Aggressive Data Mining May Prompt Federal Regulation

An Ad Age Editorial

Published on .

Technological advances and a public now used to sharing information online has led to a new frontier for marketers, one in which they can mine rich data troves and serve up relevant and useful advertising. But marketers are risking the wrath of regulators and the public.

Marketers are now taking offline data (income, credit rating, home value, savings) and merging that with online data.

The offline data -- including extremely sensitive, personally identifiable information -- has been used by the direct marketing industry for decades. But only recently have marketers begun to connect it to online behavior.

But it's getting more common. "The line between merging online and offline data isn't no-man's land anymore; it's becoming more of a common practice," said Mike Zaneis, Washington lobbyist for the Interactive Advertising Bureau.

Just because you can do something doesn't mean you should.

As more companies start moving into this space, two things are likely to happen: 1) a massive accident or security breach and 2) more regulation.

Already, online data collection is getting some scrutiny from privacy advocates, the media and the Federal Trade Commission. But so far the public hasn't noticed.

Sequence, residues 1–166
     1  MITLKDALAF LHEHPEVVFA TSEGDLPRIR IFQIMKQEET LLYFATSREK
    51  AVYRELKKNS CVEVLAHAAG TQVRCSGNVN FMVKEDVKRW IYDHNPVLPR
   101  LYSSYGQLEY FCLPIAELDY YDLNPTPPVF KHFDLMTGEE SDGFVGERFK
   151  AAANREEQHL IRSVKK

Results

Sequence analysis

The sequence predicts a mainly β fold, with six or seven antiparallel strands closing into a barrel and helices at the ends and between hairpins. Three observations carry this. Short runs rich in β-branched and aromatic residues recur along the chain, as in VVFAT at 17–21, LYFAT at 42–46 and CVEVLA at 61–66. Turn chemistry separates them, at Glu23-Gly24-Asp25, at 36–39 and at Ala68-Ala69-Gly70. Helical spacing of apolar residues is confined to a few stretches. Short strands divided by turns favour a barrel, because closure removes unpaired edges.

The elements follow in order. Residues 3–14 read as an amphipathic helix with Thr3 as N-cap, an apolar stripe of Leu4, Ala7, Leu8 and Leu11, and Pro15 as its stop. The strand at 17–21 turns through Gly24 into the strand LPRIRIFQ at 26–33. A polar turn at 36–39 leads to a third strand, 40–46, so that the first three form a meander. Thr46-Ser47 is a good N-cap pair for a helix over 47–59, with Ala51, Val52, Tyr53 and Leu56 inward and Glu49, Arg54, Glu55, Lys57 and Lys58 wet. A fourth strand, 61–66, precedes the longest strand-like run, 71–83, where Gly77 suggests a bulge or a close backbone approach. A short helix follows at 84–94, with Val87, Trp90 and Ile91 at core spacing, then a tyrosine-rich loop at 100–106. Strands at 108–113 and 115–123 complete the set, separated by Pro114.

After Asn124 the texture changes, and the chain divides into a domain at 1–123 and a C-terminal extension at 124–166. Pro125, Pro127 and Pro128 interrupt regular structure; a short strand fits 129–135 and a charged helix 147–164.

That, of course, is one thing that has constantly driven privacy advocates crazy; the public typically doesn't much care about these privacy issues. As you read this, consumers are happily entering in personal information across the web. And the reality is, if they're going to have to see advertising during their surfing, they'd probably rather see marketing pitches that are relevant to their interests and lifestyles.

But that consumer passivity would likely change, however, if the marketing being served crossed a threshold of annoyance (see telemarketing, Do Not Call lists). And it would definitely change in the case of stolen or lost identities or sensitive information leaking out to the public at large.

Then there are the politics likely to come into play. The FTC is already watching. And it's not a very big stretch to imagine an unpopular Congress taking up the issue and playing it as a bipartisan matter of protecting unwitting consumers from nefarious marketers.

Indeed, this could be the worst time to be pushing the limits of addressable marketing. And TV players should be watching this closely. Any false moves now could lead to the sort of regulations that would nip their addressable TV dreams in the bud.

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